Can you give us a brief insight into your aquaculture background?
I’ve built a career in international development projects in aquaculture and worked with amazing researchers, NGOs, farmers and seafood buyers across almost every continent.
I studied in Stirling and have worked for the university, the FAO and latterly as global aquaculture director for Sustainable Fisheries Partnership. I spent my early childhood in Africa and it has been great getting back there to support nascent aquaculture sectors and share knowledge from the powerhouse of aquaculture in Asia.
What inspired the establishment of a new aquaculture NGO?
ThinkAqua was developed by a small group of talented people. We all understand that aquaculture has huge potential to feed the world with low carbon produce that people want to eat, but it still has challenges (environment, disease, feeds) and needs to continue to provide livelihoods for a lot of people. Innovation in aquaculture is fast-paced and we need to keep smaller-scale farmers on board with these opportunities.
How does it differ from existing aquaculture non-profits?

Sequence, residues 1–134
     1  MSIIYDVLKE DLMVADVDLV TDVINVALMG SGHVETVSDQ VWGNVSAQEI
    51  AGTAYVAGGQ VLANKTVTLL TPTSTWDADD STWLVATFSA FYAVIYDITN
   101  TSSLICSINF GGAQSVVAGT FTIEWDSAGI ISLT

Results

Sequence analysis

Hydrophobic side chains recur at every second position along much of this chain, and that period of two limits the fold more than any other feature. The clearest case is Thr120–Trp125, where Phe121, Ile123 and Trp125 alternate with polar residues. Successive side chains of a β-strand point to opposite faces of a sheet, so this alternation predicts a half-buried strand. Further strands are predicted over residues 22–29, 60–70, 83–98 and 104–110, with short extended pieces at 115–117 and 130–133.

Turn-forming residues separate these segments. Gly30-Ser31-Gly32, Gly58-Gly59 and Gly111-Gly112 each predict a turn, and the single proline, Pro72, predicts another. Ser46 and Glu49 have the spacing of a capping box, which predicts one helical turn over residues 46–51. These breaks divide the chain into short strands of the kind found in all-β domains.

We’re a new NGO with a strong network of partners across the globe. Created in the digital age, we don’t have a head office, so can be nimble and responsive. ThinkAqua is an aquaculture-positive NGO for sure, and wants to engage innovators to address the challenges and issues facing the sector, to enable aquaculture to thrive as a positive livelihood in harmony with the environment.
Who else is involved in the organisation and what do they bring to the table?
Our trustees include Professor Dave Little, from the University of Stirling, who brings strong international development oversight and an applied research perspective. Dick Jones has run other NGOs and is well-known in the seafood industry as a leader on sustainability. Aisla Jones is a champion of sustainable supply chains.
What projects is ThinkAqua currently engaged in and why have these been prioritised?
Right now we are working with a feed company, Shreenagar, in Nepal, supported by Australian development funding, to enable small-scale carp farmers to continue producing as droughts and floods become more challenging. We are sharing lessons from other projects on coping with climate change, whilst increasing production of a very sustainably-produced fish. We’re also working with small and medium-scale shrimp farmers in Indonesia to get them into aquaculture improvement projects to address water quality issues and disease risks where collective action and government engagement is needed. Some of these farms may also go on to ASC certification, where that is possible in the medium-term. These projects are exciting because they involve business, share innovation and address environmental issues.
It’s interesting to see that your geographical scope includes Europe, USA and Canada – which is unusual for non-profits. Why have you decided to include countries from the Global North?